Aston Villa is in much bigger trouble than a trip to Wembley and a crack at England's third most prestigious trophy could solve, but the boost to morale and ability to overcome adversity could be crucial in getting things back on the right track.
There's little sense in reliving the first leg of the League Cup semifinal at Valley Parade. Aston Villa was unable to convert a barrow-load of chances, Bradford City didn't have the same problem where set pieces were concerned, and things now stand at 3-1 heading into the second leg. It's not a good situation for Aston Villa to say the very least, but it's a situation this team should be expected to be capable of overcoming. But being capable of something isn't nearly the same thing as actually managing to do it, and Villa has managed to make something of a habit of snatching defeat from the jaws of victory this season. So why should anyone believe that they're capable of battling back from the brink?
It's a fair question. And realistically, it's quite valid to believe that Villa isn't capable of doing what needs to be done against Bradford City to book a trip to the cup final. This isn't a team that's done much to inspire their supporters, and between their leaky back line and impotent attack it's fair to see why there would be a lack of confidence in their ability to come back from a two goal deficit. This is the third straight year that Aston Villa has taken a step back. Spirits aren't all that high, to say the least, and it isn't as though anyone is being unfair in pointing out that things are as bad as they've been in a very long time.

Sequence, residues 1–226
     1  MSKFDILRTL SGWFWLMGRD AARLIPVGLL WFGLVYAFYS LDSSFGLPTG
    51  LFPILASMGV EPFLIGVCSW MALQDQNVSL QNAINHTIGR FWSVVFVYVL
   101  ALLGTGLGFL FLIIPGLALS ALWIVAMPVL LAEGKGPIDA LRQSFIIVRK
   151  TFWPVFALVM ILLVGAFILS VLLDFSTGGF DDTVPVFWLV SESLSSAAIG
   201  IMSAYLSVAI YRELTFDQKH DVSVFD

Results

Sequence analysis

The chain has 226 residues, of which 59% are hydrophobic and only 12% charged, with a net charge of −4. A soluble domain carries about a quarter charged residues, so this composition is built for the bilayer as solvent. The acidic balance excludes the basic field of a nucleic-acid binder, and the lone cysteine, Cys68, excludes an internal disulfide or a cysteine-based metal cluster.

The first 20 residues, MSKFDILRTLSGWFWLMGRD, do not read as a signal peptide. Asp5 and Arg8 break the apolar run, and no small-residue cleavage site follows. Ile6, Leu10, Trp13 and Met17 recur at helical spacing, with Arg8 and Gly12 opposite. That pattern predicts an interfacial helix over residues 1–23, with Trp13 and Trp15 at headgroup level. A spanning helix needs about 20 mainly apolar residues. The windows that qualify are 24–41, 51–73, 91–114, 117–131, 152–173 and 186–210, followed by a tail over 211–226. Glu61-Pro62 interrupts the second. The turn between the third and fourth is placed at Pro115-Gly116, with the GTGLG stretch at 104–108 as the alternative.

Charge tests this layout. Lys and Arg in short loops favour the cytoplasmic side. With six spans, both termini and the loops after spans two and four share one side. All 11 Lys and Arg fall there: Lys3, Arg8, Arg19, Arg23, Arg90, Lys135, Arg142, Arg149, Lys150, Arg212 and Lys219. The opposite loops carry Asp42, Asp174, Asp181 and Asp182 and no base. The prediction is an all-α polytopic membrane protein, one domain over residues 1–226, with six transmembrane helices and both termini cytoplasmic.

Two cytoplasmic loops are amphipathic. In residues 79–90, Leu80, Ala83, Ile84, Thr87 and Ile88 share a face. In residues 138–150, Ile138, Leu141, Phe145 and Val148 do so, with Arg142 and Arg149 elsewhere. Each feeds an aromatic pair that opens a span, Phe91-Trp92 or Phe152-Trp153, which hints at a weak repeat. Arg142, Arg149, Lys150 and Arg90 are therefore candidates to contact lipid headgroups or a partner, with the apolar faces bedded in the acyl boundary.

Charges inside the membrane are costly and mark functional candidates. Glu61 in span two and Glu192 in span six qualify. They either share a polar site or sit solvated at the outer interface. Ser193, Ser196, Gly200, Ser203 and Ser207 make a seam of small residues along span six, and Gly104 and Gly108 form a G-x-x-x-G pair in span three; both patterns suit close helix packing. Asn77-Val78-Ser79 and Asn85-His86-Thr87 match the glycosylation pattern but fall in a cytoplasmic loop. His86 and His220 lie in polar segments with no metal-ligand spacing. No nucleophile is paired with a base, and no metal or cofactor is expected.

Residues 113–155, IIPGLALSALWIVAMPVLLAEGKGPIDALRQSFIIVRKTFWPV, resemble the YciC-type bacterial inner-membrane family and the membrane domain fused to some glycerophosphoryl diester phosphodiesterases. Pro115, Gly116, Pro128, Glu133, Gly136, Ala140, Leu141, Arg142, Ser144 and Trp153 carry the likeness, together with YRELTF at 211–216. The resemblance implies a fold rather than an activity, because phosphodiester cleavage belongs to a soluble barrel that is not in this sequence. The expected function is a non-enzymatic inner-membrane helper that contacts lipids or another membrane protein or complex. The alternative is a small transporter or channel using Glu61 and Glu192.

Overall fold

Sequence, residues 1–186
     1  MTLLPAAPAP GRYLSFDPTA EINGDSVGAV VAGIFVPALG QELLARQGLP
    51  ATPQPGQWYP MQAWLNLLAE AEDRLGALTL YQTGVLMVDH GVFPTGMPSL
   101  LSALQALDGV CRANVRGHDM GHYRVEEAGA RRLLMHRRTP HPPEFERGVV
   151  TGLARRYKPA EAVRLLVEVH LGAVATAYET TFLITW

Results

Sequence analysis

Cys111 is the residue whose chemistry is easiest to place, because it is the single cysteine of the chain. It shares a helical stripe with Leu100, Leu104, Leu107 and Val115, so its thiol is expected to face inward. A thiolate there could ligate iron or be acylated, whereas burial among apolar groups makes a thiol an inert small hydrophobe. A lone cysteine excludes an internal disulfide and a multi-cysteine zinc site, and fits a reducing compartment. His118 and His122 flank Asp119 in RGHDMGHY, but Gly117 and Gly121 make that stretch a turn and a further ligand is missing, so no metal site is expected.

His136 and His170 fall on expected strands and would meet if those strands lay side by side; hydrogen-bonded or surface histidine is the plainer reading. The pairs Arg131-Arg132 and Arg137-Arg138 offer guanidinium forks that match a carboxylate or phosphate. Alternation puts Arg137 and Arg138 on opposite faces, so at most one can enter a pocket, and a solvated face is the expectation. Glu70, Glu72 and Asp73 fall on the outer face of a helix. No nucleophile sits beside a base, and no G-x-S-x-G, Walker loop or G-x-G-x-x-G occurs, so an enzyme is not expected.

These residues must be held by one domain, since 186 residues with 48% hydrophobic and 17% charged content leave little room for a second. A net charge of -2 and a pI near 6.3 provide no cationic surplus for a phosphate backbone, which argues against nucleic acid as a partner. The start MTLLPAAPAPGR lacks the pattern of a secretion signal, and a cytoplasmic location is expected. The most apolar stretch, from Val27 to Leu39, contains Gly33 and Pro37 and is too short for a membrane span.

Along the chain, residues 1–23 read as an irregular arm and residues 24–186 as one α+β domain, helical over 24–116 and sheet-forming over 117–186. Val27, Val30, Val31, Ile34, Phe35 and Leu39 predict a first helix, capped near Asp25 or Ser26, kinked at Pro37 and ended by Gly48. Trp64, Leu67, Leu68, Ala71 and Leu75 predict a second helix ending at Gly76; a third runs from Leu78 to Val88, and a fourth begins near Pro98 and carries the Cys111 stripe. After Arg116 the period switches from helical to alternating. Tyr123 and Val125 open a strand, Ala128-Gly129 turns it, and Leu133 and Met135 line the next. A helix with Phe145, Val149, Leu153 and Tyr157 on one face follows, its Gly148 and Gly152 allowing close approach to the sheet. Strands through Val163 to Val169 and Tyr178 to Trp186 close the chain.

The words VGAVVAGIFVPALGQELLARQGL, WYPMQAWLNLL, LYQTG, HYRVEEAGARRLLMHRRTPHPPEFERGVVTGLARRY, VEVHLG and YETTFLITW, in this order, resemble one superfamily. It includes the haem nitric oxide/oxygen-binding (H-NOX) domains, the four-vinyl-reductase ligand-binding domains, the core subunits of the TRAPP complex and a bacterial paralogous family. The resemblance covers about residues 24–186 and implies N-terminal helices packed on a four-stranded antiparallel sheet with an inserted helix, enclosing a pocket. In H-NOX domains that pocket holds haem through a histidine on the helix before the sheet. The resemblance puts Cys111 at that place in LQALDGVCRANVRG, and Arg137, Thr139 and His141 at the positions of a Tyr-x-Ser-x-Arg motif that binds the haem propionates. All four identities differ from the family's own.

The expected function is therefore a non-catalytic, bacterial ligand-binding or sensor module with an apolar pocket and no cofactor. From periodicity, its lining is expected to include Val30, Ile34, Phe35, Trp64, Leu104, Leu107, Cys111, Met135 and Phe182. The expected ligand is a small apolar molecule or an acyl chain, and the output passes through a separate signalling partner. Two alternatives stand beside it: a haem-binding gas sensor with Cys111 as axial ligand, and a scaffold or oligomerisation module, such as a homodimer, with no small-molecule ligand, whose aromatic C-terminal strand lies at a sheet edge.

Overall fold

Still, it's important to take a step back from time to time, and this is definitely one of those occasions. Yes, being down two goals is less than ideal, and yes, this has been a miserable season in nearly every sense of the word. Without taking away any of the credit due to the Bantams, Aston Villa is unlucky to be heading into the second leg of the tie. Matt Duke put in an incredible performance, making 12 saves (including several of the world-class variety) and Aston Villa's defensive organization and form in general has been much improved in the weeks since the first leg. If Villa can perform as well out of the gate today as they did out of the gate against West Brom, things could easily be back on equal footing by the half-hour mark.
That's not to say things are a given, or that Bradford City haven't earned their two-goal advantage or their current standing as favorites to go through to Wembley. But this isn't as big a hill to climb as it's being made out by some. Winning this game and moving on to the final is an achievable goal. It's reasonable to have doubts that this team is capable of pulling it off, but what isn't reasonable is for them to believe that they won't. How the players go after this game will be telling. If they look like they believe they're going to win, that could mean good things the rest of the way should they manage to do so. But if they look like they've resigned themselves to defeat after running into a hint of adversity, the worries about the rest of the season will only mount.